The bark of Cork Oaks is used to make cork leather. While most of the world's cork comes from the Mediterranean area of Europe, high-quality cork is also being cultivated in China and India. The bark of cork trees cannot be collected until they are 25 years old, and even then, only once every nine years. This does not hurt the tree in any way when done by a professional, but removing parts of the bark encourages regeneration and prolongs its life.
Between two and five hundred years, a cork oak may generate cork. When harvested by hand inboards, the cork is dried for six months before being boiled, flattened, and pressed. Suberin, a naturally occurring adhesive found in the cork, is pressed onto the cork sheet. The final product is flexible, supple, and sturdy, and it is the most ecologically friendly "vegan leather" on the market today.
How Cork Is Created
The cork tree bark develops in thick layers, which are then removed and used to make the substance we use today. Natural habitats for the cork tree include parts of Europe, including Spain, Portugal, and Italy.
When harvesters remove the bark of cork trees, it regrows, which is a fantastic demonstration of nature's power. It is common for a tree to generate cork many times over its life span. Every 10 years or so, trees may be picked. Since most cork trees live for over 200 years, each can be harvested sixteen times.
Making Cork from the bark
Cork tree bark is often collected by harvesters using a specialized hatchet. To avoid causing any injury to the tree's live parts, they cut into the tree's trunk and delicately remove the bark. The bark is usually removed from the tree's trunk, although bigger trees may also have their lower branches used.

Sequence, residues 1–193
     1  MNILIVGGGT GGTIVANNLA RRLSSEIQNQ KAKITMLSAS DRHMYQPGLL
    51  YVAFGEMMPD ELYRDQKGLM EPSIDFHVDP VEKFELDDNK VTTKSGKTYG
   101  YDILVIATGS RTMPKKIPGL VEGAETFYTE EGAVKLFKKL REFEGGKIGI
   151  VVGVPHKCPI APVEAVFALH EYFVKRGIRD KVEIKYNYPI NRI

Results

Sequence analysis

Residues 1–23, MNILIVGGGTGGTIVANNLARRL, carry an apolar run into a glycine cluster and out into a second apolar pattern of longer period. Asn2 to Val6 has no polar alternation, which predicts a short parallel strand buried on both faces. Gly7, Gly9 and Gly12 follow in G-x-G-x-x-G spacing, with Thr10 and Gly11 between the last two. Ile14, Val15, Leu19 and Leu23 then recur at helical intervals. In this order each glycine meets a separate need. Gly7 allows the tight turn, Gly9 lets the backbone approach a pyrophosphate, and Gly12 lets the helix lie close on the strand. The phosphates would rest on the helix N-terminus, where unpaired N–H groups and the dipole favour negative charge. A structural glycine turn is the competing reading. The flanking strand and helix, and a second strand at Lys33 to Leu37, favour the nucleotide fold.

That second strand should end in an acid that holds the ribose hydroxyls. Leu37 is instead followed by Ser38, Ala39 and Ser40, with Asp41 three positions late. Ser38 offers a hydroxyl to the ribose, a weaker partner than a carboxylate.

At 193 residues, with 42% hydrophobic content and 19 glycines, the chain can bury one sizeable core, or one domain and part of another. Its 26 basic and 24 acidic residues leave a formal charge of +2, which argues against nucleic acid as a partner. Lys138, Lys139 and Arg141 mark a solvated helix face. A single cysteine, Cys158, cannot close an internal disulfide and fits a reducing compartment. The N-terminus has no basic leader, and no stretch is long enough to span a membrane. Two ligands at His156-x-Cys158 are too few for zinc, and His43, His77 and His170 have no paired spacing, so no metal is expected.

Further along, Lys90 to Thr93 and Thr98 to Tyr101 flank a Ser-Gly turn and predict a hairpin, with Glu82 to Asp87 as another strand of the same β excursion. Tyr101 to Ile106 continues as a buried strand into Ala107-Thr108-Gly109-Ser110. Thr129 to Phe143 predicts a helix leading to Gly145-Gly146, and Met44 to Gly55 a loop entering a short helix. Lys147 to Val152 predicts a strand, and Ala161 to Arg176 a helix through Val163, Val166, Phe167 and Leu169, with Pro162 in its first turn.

Making Leather from Cork
For six months, cork bark slabs are placed outdoors to air dry after being harvested. In general, exposure to the elements helps the bark flatten, strengthen, and heal so that it may be treated later on.
Steam and boiling water remove any tannins or debris after the cork has dried thoroughly. In addition to making the bark more malleable and usable, this procedure also softens and pliableizes it. A layer of cork is scraped off and crushed into blocks once the outer coating has been removed. Slices of the blocks are then utilized to make various products and accessories. It's all-natural and chemical-free, from harvesting the cork to producing the cork substance.
When it comes to ecological materials, cork is among the best in the business. Additionally, cork material has the following advantages:
- Flexible and very pliable.
- Veganism that is kind to the environment
- Stain-resistant and scratch-proof
- Water- and flammability-repellent by nature
- Cork is almost 50% air, therefore, it's super-lightweight!
- Aesthetically distinct and up to date
If you've been on the fence about getting a cork accessory, now is the time to plunge. Cork is a fantastic material that may meet all of your specific durability, sustainability, and style demands. Cork is a high-quality fabric that won't affect your pocketbook's environment, so you won't have to worry about it. In addition, its originality will endure for many years.
Cork leather is remarkably tough and long-lasting, given that it contains 50% air, which one would anticipate to result in a frail fabric. Products made with cork leather have been touted by manufacturers as being long-lasting; however, this claim has yet to be tested in the market. How long a cork leather product lasts is determined by the product's composition and the amount of wear it receives. Wallets made of cork leather are expected to endure a long time because of their elasticity and resistance to wear and tear. For a heavy-duty backpack, a cork leather backpack may not last as long as its leather counterpart.